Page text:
Efficient Practice and Memorisation. The Mapping and Signposting method.

How to feel more secure and in control throughout your performance.

One of the methods I use to improve practice and memorisation of a piece is something I call “mapping and signposting”. It’s a way of breaking a piece into sections and helps me feel more secure during a performance. 

If you’ve ever started to play a piece and found yourself on “auto-pilot”, you might remember the feeling of being slightly out of control? Often, the muscle memory enables us to make it through to the end of the piece safely, but sometimes, there is that crash and burn moment.  It’s not something anyone likes to feel. A clear mental image of a road map is similar to having a clear mental image of the structure of a piece of music.

How can we become more in control when performing or learning a piece on the guitar?

We can create a mental map of the piece just like a road map and use this as our back-up plan, or indeed our main plan. We can work out how many main sections there are (like motorways), where the main themes are (A roads) and where the smaller phrases are (B roads). Delving into the structure of a piece can really help create a secure mental map of it and improve practice.

Here’s the M25 circling London. A clear mental image of a road map is similar to having a clear mental image of the structure of a piece of music.

Knowing the musical structure

Playing a piece without knowing its structure is rather like setting off in a car, following a sat nav without any sense of geography or any clue as to where we are – hoping that nothing goes wrong. Sometimes, looking at a map in advance can make all the difference. Having the back-up of knowing which motorways and which A and B roads to take, can give a lot of confidence. When driving on remote country roads, or roads hundreds of miles from home, it’s nice to know that if the sat nav breaks down, there’s a small back-up plan at least. Similarly, in order to improve practise, it’s good to know how all the sections of a piece fit together, where the key changes and repeats are, how the tune and accompaniment fit together and which rhythmic motifs re-occur.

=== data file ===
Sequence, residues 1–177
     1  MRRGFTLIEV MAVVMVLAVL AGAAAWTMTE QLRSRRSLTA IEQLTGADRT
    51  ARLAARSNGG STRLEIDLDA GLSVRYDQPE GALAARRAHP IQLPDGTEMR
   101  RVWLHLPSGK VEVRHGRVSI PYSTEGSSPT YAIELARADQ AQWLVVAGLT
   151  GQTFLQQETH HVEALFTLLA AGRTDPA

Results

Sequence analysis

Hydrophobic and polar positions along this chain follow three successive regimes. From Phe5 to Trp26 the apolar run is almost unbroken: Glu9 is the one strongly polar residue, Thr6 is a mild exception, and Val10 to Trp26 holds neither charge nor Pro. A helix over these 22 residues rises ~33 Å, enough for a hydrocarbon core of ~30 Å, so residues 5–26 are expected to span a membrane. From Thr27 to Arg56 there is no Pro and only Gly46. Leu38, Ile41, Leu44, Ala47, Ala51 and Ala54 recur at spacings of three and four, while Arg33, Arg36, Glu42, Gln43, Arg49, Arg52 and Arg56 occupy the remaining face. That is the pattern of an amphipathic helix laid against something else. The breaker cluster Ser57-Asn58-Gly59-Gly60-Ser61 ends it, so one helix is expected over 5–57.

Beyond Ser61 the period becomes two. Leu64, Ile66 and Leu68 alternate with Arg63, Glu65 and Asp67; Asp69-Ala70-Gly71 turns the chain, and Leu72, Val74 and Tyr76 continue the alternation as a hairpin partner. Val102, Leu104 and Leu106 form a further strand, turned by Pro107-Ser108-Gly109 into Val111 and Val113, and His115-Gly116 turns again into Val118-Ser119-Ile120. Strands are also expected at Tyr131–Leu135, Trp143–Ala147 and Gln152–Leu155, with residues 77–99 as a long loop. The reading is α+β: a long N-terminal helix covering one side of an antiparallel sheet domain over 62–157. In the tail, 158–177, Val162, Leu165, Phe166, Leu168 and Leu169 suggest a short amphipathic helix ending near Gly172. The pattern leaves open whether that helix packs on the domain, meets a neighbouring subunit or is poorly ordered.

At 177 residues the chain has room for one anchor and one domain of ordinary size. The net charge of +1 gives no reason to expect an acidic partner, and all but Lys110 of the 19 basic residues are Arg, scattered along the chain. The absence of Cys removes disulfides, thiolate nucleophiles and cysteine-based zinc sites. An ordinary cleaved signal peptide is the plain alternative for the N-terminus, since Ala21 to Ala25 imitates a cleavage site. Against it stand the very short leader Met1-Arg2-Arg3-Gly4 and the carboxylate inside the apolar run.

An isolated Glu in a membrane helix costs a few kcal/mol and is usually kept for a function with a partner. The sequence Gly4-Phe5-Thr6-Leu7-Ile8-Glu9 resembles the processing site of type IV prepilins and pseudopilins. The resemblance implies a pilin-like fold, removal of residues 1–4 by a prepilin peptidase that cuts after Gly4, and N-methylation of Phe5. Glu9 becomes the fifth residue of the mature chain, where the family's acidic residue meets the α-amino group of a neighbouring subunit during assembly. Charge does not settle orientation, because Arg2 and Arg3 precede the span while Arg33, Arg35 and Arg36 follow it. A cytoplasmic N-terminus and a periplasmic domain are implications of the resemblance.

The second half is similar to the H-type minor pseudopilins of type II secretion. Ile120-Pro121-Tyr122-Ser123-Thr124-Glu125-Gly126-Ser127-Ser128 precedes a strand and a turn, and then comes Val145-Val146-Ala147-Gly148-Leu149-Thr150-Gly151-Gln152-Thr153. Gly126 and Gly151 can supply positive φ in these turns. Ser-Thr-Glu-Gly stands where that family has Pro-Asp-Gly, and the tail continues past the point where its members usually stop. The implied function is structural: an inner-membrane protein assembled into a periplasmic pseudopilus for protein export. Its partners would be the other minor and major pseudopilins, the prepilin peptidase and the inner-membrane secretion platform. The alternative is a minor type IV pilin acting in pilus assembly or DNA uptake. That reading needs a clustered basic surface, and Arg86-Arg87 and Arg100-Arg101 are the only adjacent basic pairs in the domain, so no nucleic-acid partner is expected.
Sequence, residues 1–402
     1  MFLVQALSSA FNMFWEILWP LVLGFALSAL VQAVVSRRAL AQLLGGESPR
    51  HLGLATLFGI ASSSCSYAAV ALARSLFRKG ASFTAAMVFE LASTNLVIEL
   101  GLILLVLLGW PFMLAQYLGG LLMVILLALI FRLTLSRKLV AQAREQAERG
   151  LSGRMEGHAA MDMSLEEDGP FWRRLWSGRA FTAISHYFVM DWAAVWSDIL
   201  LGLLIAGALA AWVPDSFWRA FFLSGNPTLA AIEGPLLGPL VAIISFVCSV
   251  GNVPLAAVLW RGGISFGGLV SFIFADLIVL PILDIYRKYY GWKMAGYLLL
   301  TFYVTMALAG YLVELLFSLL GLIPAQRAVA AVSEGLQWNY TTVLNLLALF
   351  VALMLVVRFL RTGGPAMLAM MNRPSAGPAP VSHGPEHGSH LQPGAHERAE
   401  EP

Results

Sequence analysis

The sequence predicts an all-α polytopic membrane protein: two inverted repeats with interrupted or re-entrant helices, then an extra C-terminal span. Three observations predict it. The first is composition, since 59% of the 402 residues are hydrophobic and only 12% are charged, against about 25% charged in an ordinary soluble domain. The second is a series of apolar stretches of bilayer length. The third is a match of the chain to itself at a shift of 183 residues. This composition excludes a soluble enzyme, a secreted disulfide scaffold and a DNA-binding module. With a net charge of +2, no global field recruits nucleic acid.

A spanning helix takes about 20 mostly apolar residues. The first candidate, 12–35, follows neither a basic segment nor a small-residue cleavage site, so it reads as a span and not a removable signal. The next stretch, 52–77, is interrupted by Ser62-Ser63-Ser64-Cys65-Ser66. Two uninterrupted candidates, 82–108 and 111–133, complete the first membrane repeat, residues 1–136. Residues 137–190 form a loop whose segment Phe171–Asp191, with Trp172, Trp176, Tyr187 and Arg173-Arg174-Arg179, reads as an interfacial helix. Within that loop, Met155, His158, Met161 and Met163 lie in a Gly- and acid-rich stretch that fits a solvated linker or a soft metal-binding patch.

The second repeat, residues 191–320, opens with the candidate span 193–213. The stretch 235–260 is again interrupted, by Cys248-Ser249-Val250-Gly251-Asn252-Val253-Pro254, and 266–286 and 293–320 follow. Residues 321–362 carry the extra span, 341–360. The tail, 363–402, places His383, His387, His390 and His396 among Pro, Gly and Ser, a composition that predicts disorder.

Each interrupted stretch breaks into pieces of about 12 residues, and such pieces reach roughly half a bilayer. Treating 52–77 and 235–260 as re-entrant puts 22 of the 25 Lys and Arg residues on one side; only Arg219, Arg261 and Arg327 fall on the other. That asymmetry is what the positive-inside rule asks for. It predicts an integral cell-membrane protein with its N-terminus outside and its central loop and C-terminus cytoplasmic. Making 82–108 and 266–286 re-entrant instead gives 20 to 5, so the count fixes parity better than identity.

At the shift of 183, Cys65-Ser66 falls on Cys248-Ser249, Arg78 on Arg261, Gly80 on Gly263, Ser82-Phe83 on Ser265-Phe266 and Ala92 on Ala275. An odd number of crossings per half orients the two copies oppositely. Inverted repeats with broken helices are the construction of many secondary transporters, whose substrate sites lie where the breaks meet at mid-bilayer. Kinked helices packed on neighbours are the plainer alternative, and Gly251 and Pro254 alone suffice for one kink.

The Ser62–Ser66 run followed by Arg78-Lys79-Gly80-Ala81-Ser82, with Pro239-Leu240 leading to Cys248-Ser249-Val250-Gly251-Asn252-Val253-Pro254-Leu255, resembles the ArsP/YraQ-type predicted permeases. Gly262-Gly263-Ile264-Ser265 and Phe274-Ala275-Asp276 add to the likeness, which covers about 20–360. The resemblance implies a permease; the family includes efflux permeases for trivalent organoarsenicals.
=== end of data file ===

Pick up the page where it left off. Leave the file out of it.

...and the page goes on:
Signposting/ Pick-up points

I also like to use “signposting” when learning a piece. Sometimes our mental map of the piece we are learning can be confusing, messy and daunting. A large section of a piece may seem to have an overwhelming number of notes and phrases. I like to break these sections down even further and put signposts at various points in the music. Some musicians call them pick-up points. I find that this helps to improve practice.

Too many signposts can be daunting. Writing phrase marks to your music will help clarify musical structure.

Signposts/ pick-up points are places in the music that we might be able to pick-up from, should the memory of a few notes falter. They are also the points from which we can start to practise thus avoiding the necessity of having to return to the start of a main section in order to practice a tricky passage a few lines in. It’s a very time-efficient way of practising, creates good practice habits and encourages a secure knowledge of the piece.

Being able to play a few bars from all of the signposts/ pick-up points of a main section, without referring to the music gives us the confidence to know that the mind map of the piece is secure. Working out specific fingerings for these points and writing them into the score is very helpful. Being able to play from all of those signposts/pick-up points out of context also ensures that they are known thoroughly, as “auto-pilot’ or muscle memory will not work in these situations.

What do my signposts look like on my scores? Sometimes, I use ticks, squares, triangles, asterisks – any mark will do!

Annotated Carcassi Study op. 60

An example of how I might annotate music. Here’s a study by Carcassi.
The piece is in binary form, the green asterisks are pick-up points and the purple marks indicate what chords or key are being used.

In summary, to feel more in control when practising, memorising and performing, try creating a mental map of your pieces, rather like a road-map. Analyse the structure of the pieces, divide them up into main sections and smaller sections (like Motorways and A / B roads), then annotate these sections with signposts/ pick-up points. Practise from these points and perhaps practise them out of order and out of context so that you get to know and memorise them really well. 

Having a clear structural map of a piece in my head, together with lots of marked in pick-up points/signposts really helps me feel secure and in control. “Mapping and signposting” helps me focus my mind and be time-efficient. We all have different ways of practising, learning and memorising but maybe this method is worth considering if you’ve not tried it before?